Unix's Creator Hates Linux
And, as you might guess, Linux users are a little miffed.
By Steven J. Vaughan-Nichols
May 6, 1999
With the net, there's no question about a tree falling in the forest and no one hearing it.
If someone makes a comment anywhere, even in the rarefied air of the IEEE publication Computer, it will be heard across the net. Especially, when it's Ken Thompson, Unix's dad, saying in an interview [ http://computer.org/computer/thompson.htm ] that "My experience and some of my friends' experience is that Linux is quite unreliable. Microsoft is really unreliable but Linux is worse."
Linux users would have been screaming at a deafening level had it been Bill Gates been shooting his mouth off. But, this... this is different. As is, Linux users on the Usenet newsgroups and such popular online discussion sites as Slashdot are more quietly protesting Thompson's comments. I see such common themes as Thompson is suffering from old-fogey disease, that he's jealous of Linux because his Inferno and Plan 9 operating systems haven't taken off, or that-believe it or not-that he doesn't know what he's talking about again and again.
At the same time, though, I see writers who are painfully aware that they're writing about the Old Testament God of Unix. These people praise his current work, comment that he must not have seen recent versions of either Linux or Windows, or even admit that Linux does have some problems. No one, for instance, is going to say with a straight face that Network File System (NFS) on Linux works as well as NFS on Solaris.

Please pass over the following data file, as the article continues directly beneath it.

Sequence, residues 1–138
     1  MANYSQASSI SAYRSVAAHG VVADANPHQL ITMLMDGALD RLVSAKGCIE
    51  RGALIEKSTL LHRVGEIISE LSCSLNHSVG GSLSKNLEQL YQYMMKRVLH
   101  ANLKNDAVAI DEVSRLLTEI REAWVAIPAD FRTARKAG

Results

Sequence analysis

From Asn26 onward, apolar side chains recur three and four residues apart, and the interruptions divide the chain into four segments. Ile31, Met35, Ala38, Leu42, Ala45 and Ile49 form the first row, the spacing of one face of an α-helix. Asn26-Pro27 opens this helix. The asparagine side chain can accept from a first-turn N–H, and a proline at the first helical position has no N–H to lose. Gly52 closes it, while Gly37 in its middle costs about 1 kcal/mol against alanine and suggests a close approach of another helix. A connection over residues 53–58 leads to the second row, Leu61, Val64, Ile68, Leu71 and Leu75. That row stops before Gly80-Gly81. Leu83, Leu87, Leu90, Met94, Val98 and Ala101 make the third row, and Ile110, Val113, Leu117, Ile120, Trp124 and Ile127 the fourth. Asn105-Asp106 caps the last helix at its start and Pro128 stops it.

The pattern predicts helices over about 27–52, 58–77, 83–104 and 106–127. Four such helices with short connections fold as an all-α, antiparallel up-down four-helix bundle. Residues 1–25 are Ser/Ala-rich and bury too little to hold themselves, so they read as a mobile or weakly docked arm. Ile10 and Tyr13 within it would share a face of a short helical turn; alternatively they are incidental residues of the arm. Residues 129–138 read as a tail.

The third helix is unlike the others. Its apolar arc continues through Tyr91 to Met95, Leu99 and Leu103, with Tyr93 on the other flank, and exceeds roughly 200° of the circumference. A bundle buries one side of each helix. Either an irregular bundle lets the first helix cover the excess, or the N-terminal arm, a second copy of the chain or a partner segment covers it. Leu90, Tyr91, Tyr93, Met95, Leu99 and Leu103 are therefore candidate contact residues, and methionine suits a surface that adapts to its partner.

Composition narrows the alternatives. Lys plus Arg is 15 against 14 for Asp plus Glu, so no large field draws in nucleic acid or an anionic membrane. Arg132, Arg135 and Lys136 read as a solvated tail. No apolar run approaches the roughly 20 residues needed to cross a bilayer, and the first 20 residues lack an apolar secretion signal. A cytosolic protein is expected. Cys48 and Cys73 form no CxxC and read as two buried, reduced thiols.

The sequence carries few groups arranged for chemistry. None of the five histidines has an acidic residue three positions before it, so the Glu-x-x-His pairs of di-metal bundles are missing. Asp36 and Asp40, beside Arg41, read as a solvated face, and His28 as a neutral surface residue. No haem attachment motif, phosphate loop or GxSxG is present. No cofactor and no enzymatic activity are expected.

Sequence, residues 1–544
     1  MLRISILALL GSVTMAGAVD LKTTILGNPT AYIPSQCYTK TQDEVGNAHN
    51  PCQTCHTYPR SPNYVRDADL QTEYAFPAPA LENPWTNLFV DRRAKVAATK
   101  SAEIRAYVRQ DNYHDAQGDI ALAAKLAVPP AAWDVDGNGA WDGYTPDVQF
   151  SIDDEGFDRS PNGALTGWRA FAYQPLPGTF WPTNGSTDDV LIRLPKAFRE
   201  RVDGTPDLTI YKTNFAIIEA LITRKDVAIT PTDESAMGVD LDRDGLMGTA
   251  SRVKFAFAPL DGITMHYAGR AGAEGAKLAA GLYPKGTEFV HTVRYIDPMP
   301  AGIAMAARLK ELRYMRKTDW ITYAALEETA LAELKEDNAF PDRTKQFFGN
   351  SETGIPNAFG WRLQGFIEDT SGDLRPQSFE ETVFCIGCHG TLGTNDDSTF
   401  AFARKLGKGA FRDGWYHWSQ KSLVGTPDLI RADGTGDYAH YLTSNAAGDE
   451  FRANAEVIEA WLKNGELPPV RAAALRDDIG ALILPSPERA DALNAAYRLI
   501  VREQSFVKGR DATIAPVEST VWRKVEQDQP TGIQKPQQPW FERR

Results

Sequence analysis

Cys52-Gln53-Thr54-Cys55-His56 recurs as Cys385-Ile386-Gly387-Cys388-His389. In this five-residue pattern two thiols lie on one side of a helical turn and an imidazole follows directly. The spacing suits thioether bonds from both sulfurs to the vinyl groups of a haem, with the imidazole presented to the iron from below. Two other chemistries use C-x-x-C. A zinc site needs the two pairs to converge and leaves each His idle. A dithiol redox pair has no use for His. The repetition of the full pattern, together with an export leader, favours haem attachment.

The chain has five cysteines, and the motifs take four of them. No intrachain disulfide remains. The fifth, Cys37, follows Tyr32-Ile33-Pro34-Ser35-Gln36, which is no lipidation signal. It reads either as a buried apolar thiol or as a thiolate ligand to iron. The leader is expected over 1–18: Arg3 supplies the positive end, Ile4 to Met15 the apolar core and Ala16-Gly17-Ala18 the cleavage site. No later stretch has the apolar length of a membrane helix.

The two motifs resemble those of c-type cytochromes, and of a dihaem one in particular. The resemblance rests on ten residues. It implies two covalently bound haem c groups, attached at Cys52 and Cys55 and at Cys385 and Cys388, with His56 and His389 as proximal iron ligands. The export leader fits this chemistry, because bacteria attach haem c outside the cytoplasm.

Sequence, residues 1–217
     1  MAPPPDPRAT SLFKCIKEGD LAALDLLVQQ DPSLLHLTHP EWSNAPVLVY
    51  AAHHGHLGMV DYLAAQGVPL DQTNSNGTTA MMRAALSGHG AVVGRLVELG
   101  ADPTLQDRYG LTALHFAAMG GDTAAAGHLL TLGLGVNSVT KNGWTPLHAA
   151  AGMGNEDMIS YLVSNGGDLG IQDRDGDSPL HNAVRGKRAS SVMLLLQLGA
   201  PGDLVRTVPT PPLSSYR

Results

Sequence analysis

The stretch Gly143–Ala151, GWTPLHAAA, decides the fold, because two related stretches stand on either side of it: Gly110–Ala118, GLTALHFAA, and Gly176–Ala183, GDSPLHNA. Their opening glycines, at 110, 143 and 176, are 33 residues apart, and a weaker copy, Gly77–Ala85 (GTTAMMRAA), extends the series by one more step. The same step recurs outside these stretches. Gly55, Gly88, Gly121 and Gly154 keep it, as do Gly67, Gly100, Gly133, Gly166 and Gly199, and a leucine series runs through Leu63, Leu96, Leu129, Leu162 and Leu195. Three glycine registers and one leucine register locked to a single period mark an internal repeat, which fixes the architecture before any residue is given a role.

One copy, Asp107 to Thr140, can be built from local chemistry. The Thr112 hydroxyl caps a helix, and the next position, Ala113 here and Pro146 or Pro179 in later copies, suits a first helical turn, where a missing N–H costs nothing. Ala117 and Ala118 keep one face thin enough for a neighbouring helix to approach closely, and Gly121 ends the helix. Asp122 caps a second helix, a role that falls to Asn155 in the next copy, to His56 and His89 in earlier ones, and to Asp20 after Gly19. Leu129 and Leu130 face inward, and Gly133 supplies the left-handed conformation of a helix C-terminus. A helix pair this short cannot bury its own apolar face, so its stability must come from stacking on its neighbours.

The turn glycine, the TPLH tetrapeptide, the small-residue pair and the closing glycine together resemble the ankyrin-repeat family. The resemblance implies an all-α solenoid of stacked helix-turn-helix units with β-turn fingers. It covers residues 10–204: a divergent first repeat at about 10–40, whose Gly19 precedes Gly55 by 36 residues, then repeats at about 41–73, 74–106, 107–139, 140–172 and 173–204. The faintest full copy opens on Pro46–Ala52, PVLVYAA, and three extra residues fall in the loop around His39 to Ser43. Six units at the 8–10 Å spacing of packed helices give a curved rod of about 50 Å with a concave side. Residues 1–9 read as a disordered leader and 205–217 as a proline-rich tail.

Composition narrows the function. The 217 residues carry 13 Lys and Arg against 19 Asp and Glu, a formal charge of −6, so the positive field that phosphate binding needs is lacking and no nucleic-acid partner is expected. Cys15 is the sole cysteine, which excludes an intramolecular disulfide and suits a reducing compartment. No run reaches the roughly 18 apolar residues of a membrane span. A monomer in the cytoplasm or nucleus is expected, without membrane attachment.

I find myself agreeing with those who say Thompson must not have looked recently at either operating system. Linux is stable, Windows isn't. It's a matter of fact, not opinion.
All of which, I think, though is missing the point of what the real difference is between Thompson's and Linus Torvalds' visions: how one develops software. If you read Thompson's interview closely you'll see someone who is convinced that the best way of building an operating system, or anything else, is with a small group of great developers. The Linux, Open Source, approach is to let the whole world in on development process.
Which works better? I'm on record [ http://www.zdnet.com/sr/stories/column/0,4712,2177209,00.html ] as liking Open Source and my position isn't changing. There's also, however, a lot to be said for Thompson's approach of small, dedicated groups working on a project. It's just that Thompson's methods aren't used by most ISVs.
We all know the story. A great product comes out from the traditional method Thompson espouses, say the original Netscape. It defines the field. Time goes on and the small group of creators goes into management and is replaced by dozens of programmers, then by hundreds. Inevitably, the code quality goes down, the program becomes bloated, and other programs rival and eventually surpass it.
None of this is news. Frederick P. Brooks Jr.'s classic The Mythical Man-Month (ISBN: 0201835959) spelled it all out in 1975. Something that really ticks me off about the entire computer field, though, is how so many of us absolutely refuse to be aware of the field's history. Mistake after mistake are done over and over again, simply because no one even bothers to look at the lessons of the past, much less learn from them.
For example, there's no reason why open source can't be combined with the small group approach. This is exactly the development methodology used by the BSD Unixes [ http://www.zdnet.com/sr/stories/column/0,4712,398025,00.html ]. Despite that, very few developers try this path.
Even by itself, though, open source, potentially, can break the development bloat cycle. With open source, multiple developers and peer-reviewers can attack large products without the straitjacket of large programming teams and their bureaucracy.
Thompson methods work-and for in-house reseller projects they should be emulated-but when it comes to software from outside of a reseller's firm, companies would do well to look first to open source developers, not ISV programmers, for theirprograms. They'll find that their products tend to be better and so will the solutions built from them.